The rest of the week in Hampi was more of same, visiting temples, but becoming a lazier pilgrim as the heat really hit and the fan in my guesthouse room became more appealing. I fell into a kind of sweet, hazy solitude, keeping to myself, and reading and writing a lot (I just finished 100 Year of Solitude by G. Garcia Marquez...sooo good....). Enjoying my time with myself, but still thinking it would be nice to be with someone who knew my jokes and secrets. In the day I walked around, inspired by finding the tiniest crevices between boulders, with candles and flowers at a hidden shrine inside. I walked over long plains of rock and thought about the words, "Beware, oh wanderer, the road is walking too." (That phrase maybe become a tattoo soon.) I ate amazing huge lunches and chatted with interesting tourists. I talked with one guy from London about conspiracy theories for almost two hours. He was really into this idea that the British royal family are secretly part of a race of lizard people, which I've heard before. Many guesthouses showed movies at night, to entice people for dinner, so I went to a few of those.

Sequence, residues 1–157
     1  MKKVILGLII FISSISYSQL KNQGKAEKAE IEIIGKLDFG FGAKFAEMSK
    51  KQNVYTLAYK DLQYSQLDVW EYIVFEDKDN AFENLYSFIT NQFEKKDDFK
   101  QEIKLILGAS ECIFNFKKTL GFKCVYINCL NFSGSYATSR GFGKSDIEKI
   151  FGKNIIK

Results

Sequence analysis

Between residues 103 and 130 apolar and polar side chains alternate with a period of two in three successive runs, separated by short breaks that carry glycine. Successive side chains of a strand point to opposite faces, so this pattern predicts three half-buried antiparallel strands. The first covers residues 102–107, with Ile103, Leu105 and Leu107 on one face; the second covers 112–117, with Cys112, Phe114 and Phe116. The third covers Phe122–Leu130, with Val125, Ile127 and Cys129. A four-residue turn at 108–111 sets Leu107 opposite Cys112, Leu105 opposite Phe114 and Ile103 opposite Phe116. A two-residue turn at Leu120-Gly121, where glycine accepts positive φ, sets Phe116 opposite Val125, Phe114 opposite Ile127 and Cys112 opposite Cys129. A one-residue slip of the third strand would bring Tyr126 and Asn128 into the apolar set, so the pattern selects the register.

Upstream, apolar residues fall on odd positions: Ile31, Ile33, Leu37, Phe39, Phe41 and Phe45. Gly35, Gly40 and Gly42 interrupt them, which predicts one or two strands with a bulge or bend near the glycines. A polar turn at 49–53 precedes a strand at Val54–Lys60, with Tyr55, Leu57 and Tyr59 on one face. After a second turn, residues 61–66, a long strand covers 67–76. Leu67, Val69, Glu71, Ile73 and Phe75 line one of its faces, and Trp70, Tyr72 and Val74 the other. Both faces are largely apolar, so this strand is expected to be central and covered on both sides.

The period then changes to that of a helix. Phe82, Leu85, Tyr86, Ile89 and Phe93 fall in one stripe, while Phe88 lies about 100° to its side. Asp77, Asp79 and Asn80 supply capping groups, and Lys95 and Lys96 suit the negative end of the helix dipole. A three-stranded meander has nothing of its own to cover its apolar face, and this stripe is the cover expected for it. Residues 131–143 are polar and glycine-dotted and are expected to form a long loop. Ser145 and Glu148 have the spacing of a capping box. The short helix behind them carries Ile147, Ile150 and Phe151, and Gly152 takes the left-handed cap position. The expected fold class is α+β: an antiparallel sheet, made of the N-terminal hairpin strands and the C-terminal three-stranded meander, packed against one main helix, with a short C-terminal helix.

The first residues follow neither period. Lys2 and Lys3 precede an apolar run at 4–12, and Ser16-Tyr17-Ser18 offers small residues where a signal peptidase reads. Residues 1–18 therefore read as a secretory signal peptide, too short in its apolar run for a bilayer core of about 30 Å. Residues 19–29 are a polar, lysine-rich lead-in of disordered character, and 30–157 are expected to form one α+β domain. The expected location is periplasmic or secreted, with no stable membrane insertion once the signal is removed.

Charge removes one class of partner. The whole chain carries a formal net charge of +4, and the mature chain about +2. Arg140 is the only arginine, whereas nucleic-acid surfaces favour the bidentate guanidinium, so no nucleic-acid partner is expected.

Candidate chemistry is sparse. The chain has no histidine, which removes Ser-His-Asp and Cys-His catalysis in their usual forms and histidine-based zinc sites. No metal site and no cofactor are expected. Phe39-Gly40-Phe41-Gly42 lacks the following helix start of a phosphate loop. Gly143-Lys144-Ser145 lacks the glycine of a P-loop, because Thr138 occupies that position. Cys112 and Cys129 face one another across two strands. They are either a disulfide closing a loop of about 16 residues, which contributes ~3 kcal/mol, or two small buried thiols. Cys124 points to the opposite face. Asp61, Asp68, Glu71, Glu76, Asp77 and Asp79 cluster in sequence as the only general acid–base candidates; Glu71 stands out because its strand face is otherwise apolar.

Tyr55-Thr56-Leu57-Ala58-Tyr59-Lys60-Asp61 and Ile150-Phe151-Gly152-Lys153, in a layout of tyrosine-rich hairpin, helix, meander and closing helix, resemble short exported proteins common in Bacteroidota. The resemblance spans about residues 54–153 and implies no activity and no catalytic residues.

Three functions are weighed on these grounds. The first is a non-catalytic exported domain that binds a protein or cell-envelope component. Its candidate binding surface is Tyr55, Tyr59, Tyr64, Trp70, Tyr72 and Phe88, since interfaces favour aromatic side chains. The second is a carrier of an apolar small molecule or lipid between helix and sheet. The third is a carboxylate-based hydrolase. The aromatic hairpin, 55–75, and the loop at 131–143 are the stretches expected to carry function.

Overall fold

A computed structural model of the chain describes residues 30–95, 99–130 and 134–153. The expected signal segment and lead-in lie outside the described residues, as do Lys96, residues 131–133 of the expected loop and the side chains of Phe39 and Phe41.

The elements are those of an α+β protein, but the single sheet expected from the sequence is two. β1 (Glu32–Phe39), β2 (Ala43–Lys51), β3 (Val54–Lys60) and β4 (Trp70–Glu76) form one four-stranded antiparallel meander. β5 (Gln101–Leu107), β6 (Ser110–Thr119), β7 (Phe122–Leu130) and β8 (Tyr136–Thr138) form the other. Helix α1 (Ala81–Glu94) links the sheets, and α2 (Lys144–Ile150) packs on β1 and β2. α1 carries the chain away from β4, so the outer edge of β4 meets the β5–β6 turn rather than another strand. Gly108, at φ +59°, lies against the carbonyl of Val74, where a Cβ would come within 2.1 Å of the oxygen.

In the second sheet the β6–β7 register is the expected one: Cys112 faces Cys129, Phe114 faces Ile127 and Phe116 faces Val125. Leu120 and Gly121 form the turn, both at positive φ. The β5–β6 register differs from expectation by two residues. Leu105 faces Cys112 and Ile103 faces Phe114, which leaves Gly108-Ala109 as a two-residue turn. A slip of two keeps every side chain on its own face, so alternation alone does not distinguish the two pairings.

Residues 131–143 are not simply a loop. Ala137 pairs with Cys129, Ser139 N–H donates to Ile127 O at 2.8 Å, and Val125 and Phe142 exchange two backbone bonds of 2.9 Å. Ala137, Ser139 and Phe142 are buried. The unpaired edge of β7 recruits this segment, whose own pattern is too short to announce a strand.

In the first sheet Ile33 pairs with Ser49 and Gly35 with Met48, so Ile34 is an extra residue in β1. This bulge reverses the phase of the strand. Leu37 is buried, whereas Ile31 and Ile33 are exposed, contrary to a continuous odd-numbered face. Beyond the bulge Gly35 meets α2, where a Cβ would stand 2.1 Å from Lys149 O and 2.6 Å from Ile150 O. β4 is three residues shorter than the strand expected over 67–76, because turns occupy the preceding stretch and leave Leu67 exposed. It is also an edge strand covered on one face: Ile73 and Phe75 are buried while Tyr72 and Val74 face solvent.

Okay here is part two, the less than ideal part. Leaving Hampi, I was walking to the train station. I had about eight hours to kill before my train came. And there's nothing to kill time like GETTING BIT BY A FUCKING DOG. I had a friend at Sadhana Forest